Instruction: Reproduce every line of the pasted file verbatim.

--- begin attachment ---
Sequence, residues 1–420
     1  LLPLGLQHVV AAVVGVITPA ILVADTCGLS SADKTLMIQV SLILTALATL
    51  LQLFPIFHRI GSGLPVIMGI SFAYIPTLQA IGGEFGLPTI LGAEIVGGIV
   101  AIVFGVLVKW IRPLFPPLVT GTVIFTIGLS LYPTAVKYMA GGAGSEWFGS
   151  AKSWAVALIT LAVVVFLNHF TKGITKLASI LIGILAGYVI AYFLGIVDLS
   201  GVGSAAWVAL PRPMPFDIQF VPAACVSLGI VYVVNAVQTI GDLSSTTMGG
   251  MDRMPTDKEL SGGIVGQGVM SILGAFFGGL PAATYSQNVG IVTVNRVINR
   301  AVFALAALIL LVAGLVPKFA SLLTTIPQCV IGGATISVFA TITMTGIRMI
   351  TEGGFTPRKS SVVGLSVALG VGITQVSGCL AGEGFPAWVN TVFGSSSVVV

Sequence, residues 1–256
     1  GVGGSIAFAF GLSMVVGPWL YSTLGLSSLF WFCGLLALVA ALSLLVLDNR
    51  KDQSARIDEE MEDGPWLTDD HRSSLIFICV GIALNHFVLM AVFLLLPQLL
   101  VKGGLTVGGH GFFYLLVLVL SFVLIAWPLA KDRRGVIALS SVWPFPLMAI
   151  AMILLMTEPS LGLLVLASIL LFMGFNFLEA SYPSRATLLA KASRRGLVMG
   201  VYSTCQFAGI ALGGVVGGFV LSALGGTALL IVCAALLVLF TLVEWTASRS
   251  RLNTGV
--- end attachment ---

Sequence, residues 1–420
     1  LLPLGLQHVV AAVVGVITPA ILVADTCGLS SADKTLMIQV SLILTALATL
    51  LQLFPIFHRI GSGLPVIMGI SFAYIPTLQA IGGEFGLPTI LGAEIVGGIV
   101  AIVFGVLVKW IRPLFPPLVT GTVIFTIGLS LYPTAVKYMA GGAGSEWFGS
   151  AKSWAVALIT LAVVVFLNHF TKGITKLASI LIGILAGYVI AYFLGIVDLS
   201  GVGSAAWVAL PRPMPFDIQF VPAACVSLGI VYVVNAVQTI GDLSSTTMGG
   251  MDRMPTDKEL SGGIVGQGVM SILGAFFGGL PAATYSQNVG IVTVNRVINR
   301  AVFALAALIL LVAGLVPKFA SLLTTIPQCV IGGATISVFA TITMTGIRMI
   351  TEGGFTPRKS SVVGLSVALG VGITQVSGCL AGEGFPAWVN TVFGSSSVVV

Sequence, residues 1–256
     1  GVGGSIAFAF GLSMVVGPWL YSTLGLSSLF WFCGLLALVA ALSLLVLDNR
    51  KDQSARIDEE MEDGPWLTDD HRSSLIFICV GIALNHFVLM AVFLLLPQLL
   101  VKGGLTVGGH GFFYLLVLVL SFVLIAWPLA KDRRGVIALS SVWPFPLMAI
   151  AMILLMTEPS LGLLVLASIL LFMGFNFLEA SYPSRATLLA KASRRGLVMG
   201  VYSTCQFAGI ALGGVVGGFV LSALGGTALL IVCAALLVLF TLVEWTASRS
   251  RLNTGV